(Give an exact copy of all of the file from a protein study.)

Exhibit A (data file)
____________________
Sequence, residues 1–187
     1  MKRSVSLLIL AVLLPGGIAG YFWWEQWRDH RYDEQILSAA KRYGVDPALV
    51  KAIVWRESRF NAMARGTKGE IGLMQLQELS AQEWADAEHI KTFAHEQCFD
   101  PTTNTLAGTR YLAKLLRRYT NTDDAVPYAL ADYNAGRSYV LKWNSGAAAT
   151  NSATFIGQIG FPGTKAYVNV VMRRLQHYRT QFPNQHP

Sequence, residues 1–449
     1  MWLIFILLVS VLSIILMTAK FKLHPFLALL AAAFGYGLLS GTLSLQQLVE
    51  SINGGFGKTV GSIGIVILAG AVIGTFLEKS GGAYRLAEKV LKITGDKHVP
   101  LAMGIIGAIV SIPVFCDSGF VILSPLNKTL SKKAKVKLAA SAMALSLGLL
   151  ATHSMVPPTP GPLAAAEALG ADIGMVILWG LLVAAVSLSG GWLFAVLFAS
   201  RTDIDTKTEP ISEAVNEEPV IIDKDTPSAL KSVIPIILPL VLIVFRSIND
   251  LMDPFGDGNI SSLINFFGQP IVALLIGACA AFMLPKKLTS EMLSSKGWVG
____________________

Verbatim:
Sequence, residues 1–187
     1  MKRSVSLLIL AVLLPGGIAG YFWWEQWRDH RYDEQILSAA KRYGVDPALV
    51  KAIVWRESRF NAMARGTKGE IGLMQLQELS AQEWADAEHI KTFAHEQCFD
   101  PTTNTLAGTR YLAKLLRRYT NTDDAVPYAL ADYNAGRSYV LKWNSGAAAT
   151  NSATFIGQIG FPGTKAYVNV VMRRLQHYRT QFPNQHP

Sequence, residues 1–449
     1  MWLIFILLVS VLSIILMTAK FKLHPFLALL AAAFGYGLLS GTLSLQQLVE
    51  SINGGFGKTV GSIGIVILAG AVIGTFLEKS GGAYRLAEKV LKITGDKHVP
   101  LAMGIIGAIV SIPVFCDSGF VILSPLNKTL SKKAKVKLAA SAMALSLGLL
   151  ATHSMVPPTP GPLAAAEALG ADIGMVILWG LLVAAVSLSG GWLFAVLFAS
   201  RTDIDTKTEP ISEAVNEEPV IIDKDTPSAL KSVIPIILPL VLIVFRSIND
   251  LMDPFGDGNI SSLINFFGQP IVALLIGACA AFMLPKKLTS EMLSSKGWVG